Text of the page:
Roy Harper - Flat Baroque And Berserk/Stormcock/Lifemask album reviews

Flashes from Mancunian folk rocker Roy Harper’s archives of brilliance

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Roy Harper’s always been an outsider. A folk singer who, by his own admission, would often get thrown out of folk clubs for the crime of not being like Ralph McTell, throughout his career he’s thrived on blurring boundaries and subverting expectations. 1970’s Flat Baroque And Berserk catches him more in command of his art than perhaps on any his previous recordings. What’s always been interesting about Harper is his range and interest in presenting stark contrasts and provocative juxtapositions. Achingly beautiful ballads Another Day and Tom Tiddler’s Ground hover angelically next to the righteous, vitriolic ire of I Hate The White Man. This is the point where his reputation as an unflinchingly articulate commentator of real depth is forged. Never quite cap-in-hand to Dylan, this is Harper’s last album with vestigial traces of the Nobel Prize-winning songwriter’s influence. Harper enjoys his own ‘going electric’ shock, joining forces with The Nice and rocking out on Hell’s Angels.

Harper went long-form with 1971’s Stormcock combining four contrasting, thematically linked suites sparsely yet strikingly illuminated by David Bedford’s string and brass arrangements. Harper’s multi-tracked vocals are fully exploited and deployed like never before. Using his silky harmonies as an additional instrumental layer, vocals erupt into startled flight as Beford’s strings slide and swoop, heightening the intensity at the emotional centre of the album’s masterpiece, Me And My Woman. Incandescently creative, it’s little wonder Stormcock’s widely regarded as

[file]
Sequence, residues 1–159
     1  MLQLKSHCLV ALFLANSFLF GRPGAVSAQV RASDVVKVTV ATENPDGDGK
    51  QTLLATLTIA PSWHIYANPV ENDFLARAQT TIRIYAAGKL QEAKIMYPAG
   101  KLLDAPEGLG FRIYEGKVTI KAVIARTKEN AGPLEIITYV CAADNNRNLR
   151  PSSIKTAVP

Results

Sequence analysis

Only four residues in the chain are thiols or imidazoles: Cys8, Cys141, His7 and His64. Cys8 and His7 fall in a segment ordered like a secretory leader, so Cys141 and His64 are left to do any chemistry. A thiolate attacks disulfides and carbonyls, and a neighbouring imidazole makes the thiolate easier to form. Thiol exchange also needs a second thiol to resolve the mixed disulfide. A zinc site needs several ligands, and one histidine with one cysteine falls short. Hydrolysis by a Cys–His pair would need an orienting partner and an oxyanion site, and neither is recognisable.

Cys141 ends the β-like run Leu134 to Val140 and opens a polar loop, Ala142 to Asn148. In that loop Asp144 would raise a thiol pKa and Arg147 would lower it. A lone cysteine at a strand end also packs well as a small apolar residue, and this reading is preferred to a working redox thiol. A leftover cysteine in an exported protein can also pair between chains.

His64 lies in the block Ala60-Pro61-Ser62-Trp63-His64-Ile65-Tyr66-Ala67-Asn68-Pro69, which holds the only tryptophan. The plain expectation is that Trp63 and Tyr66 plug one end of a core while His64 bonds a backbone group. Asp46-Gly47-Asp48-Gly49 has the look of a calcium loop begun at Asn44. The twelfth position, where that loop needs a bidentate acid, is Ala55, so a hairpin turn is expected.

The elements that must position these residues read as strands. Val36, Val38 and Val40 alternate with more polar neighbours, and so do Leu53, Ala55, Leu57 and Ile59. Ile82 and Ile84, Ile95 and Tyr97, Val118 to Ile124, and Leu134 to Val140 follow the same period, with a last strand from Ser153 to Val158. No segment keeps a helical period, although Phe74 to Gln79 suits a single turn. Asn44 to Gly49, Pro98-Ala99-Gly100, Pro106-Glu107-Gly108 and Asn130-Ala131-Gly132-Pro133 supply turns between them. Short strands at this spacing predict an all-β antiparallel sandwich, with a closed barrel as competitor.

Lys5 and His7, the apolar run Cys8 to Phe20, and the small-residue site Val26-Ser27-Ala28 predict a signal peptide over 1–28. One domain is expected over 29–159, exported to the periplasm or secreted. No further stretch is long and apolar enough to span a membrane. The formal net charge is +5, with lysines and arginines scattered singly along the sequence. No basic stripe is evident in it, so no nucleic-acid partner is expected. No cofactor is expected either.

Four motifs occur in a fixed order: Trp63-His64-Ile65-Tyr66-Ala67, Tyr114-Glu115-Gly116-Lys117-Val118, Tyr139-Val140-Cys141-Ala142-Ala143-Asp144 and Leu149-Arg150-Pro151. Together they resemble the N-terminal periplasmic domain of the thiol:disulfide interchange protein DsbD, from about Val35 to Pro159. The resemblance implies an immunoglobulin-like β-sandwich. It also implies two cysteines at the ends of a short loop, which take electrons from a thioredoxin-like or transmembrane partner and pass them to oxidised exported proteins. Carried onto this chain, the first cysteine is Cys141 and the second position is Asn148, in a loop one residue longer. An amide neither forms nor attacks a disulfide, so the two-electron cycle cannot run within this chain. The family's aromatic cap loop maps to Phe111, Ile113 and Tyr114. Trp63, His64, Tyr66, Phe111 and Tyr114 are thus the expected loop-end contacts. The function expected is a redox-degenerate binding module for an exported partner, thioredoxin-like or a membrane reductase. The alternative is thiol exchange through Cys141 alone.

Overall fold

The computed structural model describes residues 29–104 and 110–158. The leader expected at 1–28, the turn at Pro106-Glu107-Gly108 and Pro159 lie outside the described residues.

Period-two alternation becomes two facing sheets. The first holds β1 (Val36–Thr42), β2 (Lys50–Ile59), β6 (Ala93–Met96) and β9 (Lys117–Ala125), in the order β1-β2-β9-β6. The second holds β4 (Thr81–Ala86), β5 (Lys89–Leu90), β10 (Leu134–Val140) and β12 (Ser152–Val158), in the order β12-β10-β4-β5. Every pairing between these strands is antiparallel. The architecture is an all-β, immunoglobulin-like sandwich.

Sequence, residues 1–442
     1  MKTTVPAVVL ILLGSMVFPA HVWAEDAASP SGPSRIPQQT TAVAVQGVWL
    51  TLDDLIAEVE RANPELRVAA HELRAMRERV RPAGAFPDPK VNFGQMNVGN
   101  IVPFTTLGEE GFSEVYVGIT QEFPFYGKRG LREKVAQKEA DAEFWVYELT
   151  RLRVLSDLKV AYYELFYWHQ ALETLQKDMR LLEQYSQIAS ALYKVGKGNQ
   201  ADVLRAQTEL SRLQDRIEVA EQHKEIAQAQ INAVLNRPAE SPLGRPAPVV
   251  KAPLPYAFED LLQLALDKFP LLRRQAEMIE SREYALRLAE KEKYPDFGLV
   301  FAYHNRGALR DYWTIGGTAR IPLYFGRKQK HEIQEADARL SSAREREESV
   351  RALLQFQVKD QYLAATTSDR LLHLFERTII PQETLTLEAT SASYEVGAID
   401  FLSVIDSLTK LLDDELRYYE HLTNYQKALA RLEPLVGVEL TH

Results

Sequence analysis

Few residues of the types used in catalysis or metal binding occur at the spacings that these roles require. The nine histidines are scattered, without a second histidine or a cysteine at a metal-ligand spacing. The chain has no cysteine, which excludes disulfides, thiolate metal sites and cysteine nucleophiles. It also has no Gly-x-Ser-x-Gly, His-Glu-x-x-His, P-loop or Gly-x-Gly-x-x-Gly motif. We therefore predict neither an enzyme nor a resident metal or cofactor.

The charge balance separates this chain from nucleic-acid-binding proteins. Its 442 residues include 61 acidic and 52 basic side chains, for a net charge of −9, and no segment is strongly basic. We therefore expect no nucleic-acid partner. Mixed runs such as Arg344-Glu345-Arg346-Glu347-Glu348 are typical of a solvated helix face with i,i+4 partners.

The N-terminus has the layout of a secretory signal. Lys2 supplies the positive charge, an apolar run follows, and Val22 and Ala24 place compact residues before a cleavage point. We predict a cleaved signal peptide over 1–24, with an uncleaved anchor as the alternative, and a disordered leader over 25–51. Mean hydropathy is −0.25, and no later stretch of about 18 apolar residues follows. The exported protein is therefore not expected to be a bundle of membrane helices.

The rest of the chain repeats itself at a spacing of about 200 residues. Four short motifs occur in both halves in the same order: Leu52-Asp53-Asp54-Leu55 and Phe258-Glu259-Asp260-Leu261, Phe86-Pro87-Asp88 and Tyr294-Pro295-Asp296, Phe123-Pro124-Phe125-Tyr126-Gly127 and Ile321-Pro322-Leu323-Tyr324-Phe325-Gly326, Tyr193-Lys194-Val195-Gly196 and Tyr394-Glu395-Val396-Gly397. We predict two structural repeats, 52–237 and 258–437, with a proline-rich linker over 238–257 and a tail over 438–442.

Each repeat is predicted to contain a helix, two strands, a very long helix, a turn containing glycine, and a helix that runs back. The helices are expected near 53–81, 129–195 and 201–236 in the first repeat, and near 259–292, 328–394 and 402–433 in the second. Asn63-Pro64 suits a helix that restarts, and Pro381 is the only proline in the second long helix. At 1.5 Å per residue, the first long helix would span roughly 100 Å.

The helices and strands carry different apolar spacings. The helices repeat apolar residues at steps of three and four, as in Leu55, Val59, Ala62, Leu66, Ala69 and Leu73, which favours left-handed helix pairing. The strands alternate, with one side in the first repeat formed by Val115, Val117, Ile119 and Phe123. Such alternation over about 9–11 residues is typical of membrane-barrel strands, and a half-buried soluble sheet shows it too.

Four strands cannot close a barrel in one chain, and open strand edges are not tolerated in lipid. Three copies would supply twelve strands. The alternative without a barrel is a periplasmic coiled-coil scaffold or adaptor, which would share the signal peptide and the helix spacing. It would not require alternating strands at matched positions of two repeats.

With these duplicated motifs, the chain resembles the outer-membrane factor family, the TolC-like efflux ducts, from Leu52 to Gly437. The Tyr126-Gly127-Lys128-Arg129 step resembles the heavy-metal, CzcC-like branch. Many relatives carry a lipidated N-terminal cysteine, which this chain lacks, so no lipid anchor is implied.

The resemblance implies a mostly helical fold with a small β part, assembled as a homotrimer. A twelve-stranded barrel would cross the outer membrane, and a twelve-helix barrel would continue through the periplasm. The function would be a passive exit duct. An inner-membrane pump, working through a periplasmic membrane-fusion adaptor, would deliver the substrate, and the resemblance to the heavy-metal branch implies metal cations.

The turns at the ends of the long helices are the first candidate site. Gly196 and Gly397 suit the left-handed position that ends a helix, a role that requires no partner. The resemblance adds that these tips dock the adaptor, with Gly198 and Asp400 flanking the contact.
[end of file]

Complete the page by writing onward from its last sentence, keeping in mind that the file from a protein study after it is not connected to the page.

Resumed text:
a career best.

Blurring boundaries and subverting expectations.

While he could have rested on his laurels, 1973’s Lifemask pushes onward, using the recording studio as a creative tool. The side-long 23-minute suite The Lords Prayer conjures tape-manipulated, sonic-sculptures around a spoken poem as he then embarks on a powerful, vehement contemplation on people, politics, and the relative distances between the personal and universal. Featuring well-crafted embellishments from Jimmy Page, here Harper is about as far out from any his down-strumming contemporaries as it’s possible to get.

Although originally well recorded these albums sound even better on 180gm vinyl. Stormcock, remastered in 2007, and Flat Baroque And Berserk and Lifemask from 2016, the sensitive and empathetic remastering of the latter in particular coaxes new detail during The Lord’s Prayer. Meticulously recreated LP sleeves, boasting additional inner sleeves with new observations from Harper, complete a fitting tribute.